Peggy is a Psychology Instructor and administrator at Chemeketa Community College.
photo wikicommons(Glasford Illinois)
We are our histories.
The stories we tell ourselves and the stories that are told about us.
Most of us, if we think about it, can come up with our earliest clear memory. It usually comes from our third to fifth year of life.
Just as interesting is the first story that is told about us. This story may come from our babyhood, even the pregnancy that held us. But the best ones are the stories that encapsulate our nascent personality. Our family tells them as retrospective evidence of what they believe about us. And when they are told about us in our presence while we are still growing they shape who we become. Such powers stories have.
Charlotte's parents were long gone before I started collecting these stories. But I was able to spend some good time with her brother Mahlon.
Mahlon and Charlotte were buddies.
Her whole life, they were close. He was two years older in a family of nine children. He watched her as often her as her mother did. For the first few years of life they slept at opposite ends of the same old iron bed. They knew each others' nightmares. He made her toys. They learned the children's games together - kick the can, rolling a barrel hoop with a stick.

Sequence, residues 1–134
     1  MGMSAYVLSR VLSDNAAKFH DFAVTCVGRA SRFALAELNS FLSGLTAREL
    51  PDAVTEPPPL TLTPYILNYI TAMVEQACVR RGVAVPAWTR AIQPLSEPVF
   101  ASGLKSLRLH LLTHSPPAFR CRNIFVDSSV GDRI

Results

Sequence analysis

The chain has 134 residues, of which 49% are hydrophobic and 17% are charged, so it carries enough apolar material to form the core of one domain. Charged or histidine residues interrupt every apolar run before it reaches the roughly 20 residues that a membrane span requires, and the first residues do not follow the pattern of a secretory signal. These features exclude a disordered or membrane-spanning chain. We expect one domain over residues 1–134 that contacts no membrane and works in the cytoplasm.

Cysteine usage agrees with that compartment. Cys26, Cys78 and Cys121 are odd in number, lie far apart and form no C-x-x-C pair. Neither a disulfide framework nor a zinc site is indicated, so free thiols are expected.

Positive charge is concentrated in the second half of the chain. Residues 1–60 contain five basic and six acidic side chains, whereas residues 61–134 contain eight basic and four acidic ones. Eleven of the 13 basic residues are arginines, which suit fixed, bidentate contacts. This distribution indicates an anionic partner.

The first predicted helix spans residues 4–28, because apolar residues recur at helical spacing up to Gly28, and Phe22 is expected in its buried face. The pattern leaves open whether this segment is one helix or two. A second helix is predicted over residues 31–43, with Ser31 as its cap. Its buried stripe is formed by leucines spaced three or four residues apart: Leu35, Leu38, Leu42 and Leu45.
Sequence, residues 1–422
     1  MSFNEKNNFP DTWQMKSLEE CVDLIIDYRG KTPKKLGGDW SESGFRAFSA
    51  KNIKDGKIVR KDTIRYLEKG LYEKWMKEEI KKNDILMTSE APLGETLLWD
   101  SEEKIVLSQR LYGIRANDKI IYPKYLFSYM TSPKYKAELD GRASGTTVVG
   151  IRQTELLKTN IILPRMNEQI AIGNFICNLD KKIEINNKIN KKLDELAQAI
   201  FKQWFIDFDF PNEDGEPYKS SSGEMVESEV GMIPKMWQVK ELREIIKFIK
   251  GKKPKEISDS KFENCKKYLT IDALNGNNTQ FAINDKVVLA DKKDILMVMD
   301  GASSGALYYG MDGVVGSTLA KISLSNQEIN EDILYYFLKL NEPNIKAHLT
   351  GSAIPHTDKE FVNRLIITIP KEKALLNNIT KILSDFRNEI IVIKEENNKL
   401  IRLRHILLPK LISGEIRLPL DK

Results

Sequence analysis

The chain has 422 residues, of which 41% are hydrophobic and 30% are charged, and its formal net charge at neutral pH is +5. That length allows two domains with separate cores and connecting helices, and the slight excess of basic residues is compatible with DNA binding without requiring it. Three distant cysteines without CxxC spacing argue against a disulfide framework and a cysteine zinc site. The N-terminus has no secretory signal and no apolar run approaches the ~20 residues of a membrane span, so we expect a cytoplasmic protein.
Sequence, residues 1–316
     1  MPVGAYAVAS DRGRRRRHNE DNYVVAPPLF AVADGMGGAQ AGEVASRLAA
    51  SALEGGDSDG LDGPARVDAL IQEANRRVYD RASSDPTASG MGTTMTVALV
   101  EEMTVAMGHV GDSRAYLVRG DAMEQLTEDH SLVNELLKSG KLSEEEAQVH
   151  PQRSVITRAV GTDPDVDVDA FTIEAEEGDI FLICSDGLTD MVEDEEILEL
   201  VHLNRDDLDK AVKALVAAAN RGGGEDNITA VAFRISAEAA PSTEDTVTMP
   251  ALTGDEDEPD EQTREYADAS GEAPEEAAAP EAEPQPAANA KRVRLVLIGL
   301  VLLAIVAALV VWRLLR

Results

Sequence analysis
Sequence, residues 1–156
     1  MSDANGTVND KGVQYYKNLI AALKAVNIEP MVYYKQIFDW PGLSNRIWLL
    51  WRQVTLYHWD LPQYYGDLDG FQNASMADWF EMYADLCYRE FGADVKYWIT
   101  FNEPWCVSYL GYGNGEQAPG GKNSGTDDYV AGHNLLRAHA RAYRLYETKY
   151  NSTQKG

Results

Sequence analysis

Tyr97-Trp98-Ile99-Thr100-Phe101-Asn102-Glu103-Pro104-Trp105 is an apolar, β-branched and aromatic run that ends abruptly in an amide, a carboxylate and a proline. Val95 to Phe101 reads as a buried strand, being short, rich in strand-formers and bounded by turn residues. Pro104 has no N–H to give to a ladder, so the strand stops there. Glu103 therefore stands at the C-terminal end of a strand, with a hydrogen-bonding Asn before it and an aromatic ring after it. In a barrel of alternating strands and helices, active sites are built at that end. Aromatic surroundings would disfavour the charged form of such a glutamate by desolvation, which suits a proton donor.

And the the first story of Charlotte was told to me by the last person alive to remember it. It is a story of adventure, of temptation, crime and punishment.
And it goes like this...
"We were little, preschoolers really. And we took it into our heads to leave the farm without asking and walk the mile or two to our Aunt Huldah's. Aunt Huldah made the BEST cookies. At an opportune moment we lit out. Holding hands and walking fast we made it the best part of a mile before we were caught. I don't believe we were spanked, but mother did tether us to an outdoor table for most of the afternoon so that she could get some work done."
Because Mahlon lived to old age, and Charlotte did not, he got to be the historian. It is probably more his story than hers. Odds are he was the instigator. But she was his partner in crime. She was a good person to have around if you were trying to pull off something bold. And she would do the time with you as well as the crime. The first story is one of risk-taking and comraderie.
Didn't pay off that day.
But that didn't even slow her down.